The complex, at Colesville Road and Wayne Avenue, has yet to open.
“Montgomery County is the owner of this project,” Bryant Foulger, a principal of the firm, said in one of his first extensive interviews on the transit center. “They have the responsibility to figure out what needs to be done and hire the architect, engineers and consultants to meet the codes.”
In a long-awaited report released March 19, independent engineering experts said they had discovered problems with the transit center that included insufficiently strong concrete and inadequate steel reinforcement.
With its costs estimated at $112 million and its opening more than two years behind schedule, the transit center, in the heart of downtown Silver Spring, has become a very public mess. County officials and contractors have been trading blame, and Metro, which is supposed to operate the complex, has said it could reject the structure if it’s not satisfied with the fixes.
The interview with Foulger, held in the firm’s Rockville headquarters and attended by his lawyer and an outside public relations consultant, was the company’s most forceful attempt yet to deflect criticism of its role in the troubled project.
“They put the blame on just about everybody they could find without accepting responsibility that they’re managing the design and construction of this project,” Foulger said.
Asked to respond to the company’s assertions, John Markovs, the county lawyer overseeing the fallout from the project, said Thursday that Foulger’s criticism was “obfuscation.”
“That’s another attempt by Foulger-Pratt to shift blame for defective construction onto the county.”
The cost of fixing the problems and finishing the project are uncertain, and the stakes for the county and the company are significant.
For the county, the delays are an embarrassing distraction as officials try to accelerate economic development, particularly around transit hubs such as Silver Spring. For the company, the negative publicity could threaten its reputation across the region.
The concrete and steel structure is envisioned as a hub for cabs, bikes, MARC trains and Metro’s rail and bus services. Its construction has been a complex undertaking because it has three levels that each must be able to bear the weight of large buses.
The project is millions of dollars over budget, and the report by KCE Structural Engineers assigned blame to several players in the project.
KCE said there were “errors and omissions” by the designer, Parsons Brinckerhoff; the general contractor, Foulger-Pratt; an inspections firm, Robert B. Balter Co.; and other subcontractors.
In the interview Thursday, Foulger disagreed. He said the county mismanaged the project, and that the “design wasn’t fully completed and coordinated” among Parsons Brinckerhoff, the county and his company.
Foulger pointed to several poster-size drawings dotted with dozens of red marks, showing a multitude of changes in the plans.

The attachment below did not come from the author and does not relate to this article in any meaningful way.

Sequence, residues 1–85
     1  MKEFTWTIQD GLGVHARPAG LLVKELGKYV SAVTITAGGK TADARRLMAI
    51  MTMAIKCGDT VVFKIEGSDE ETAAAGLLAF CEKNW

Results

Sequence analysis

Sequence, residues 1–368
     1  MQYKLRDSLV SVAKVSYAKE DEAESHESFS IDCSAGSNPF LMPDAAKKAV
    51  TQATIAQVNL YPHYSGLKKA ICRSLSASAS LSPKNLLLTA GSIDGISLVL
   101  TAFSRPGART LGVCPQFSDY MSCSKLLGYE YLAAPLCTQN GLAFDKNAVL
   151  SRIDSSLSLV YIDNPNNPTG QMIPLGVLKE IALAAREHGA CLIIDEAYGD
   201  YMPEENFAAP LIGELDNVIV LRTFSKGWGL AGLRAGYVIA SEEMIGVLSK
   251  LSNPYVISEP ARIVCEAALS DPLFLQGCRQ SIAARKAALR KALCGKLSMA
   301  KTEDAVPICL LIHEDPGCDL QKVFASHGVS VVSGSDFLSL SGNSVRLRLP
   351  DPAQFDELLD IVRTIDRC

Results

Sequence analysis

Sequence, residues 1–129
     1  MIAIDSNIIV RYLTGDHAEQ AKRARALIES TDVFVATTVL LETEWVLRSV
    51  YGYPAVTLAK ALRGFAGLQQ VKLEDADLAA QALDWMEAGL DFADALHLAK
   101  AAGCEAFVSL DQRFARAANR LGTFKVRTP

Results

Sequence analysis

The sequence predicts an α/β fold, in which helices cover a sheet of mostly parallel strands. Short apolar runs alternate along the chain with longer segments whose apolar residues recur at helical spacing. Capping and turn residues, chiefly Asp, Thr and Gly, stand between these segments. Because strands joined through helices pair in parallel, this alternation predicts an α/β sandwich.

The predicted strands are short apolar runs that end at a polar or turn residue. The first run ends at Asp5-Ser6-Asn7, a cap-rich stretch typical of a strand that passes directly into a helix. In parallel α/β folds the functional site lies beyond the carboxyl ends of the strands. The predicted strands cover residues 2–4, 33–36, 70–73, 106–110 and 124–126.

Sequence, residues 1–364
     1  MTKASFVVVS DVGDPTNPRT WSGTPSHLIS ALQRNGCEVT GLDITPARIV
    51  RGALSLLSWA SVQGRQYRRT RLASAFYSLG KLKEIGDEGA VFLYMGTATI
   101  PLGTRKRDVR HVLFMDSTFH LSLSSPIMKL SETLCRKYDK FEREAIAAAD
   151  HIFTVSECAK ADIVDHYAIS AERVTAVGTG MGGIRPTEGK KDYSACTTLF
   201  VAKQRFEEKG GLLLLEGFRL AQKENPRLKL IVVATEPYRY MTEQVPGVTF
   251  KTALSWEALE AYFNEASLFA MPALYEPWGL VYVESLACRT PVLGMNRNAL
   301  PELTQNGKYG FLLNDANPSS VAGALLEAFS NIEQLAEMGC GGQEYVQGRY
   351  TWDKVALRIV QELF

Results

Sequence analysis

One of the major safety questions in the project involves steel cables in concrete slabs of the structure.
The KCE report found that the steel cables were not put in two critical 10-foot-wide slabs in part of the project. But Foulger said the contract documents and other plans didn’t require the added steel supports in that area.
“We are responsible to build it to the plans and to the specs,” he said.
Markovs, the county lawyer, said that the plans by Parsons Brinckerhoff called for steel cables on both the second and third floors of the structure but that Foulger Pratt only installed them on the third floor.
“Why would you bother putting it on the top deck and never putting it on the middle deck?” Markovs said.
County officials have said they are worried about the safety of the structure.
They say that if the lack of steel had gone undiscovered, the roadway could have failed, creating a risk that pieces of concrete could fall from the first-floor ceiling onto cars and pedestrians.
Another major issue in the project has been the strength of the concrete.
KCE pulled samples from the site and found a strength of 6,970 pounds per square inch on portions of the project’s second and third floors — below the contractually required 8,000 psi.
“Foulger-Pratt can’t escape liability for giving concrete that’s substandard by hiding behind the reports of an inspector hired by the county,” Markovs said. “The county didn’t get what it bargained for. Why and how that happened is on Foulger-Pratt to explain.”
Foulger defended the way his company handled the concrete.
“All the test results we had, the vast, vast majority of them were telling us we were meeting or exceeding the concrete strength requirements of the contract,” he said.
Foulger said he wants his company to be involved in fixing the project.
“We want to get this open,” he said. “That’s all we’ve ever really wanted to do.”
Pictures of the company’s projects, many of them in Montgomery, line the dark-paneled hallway of Foulger’s reception area.
“We’ve been in business for 50 years,” he said. “We have core values that we follow.” In this project, he said, “We have not been treated well by the county.”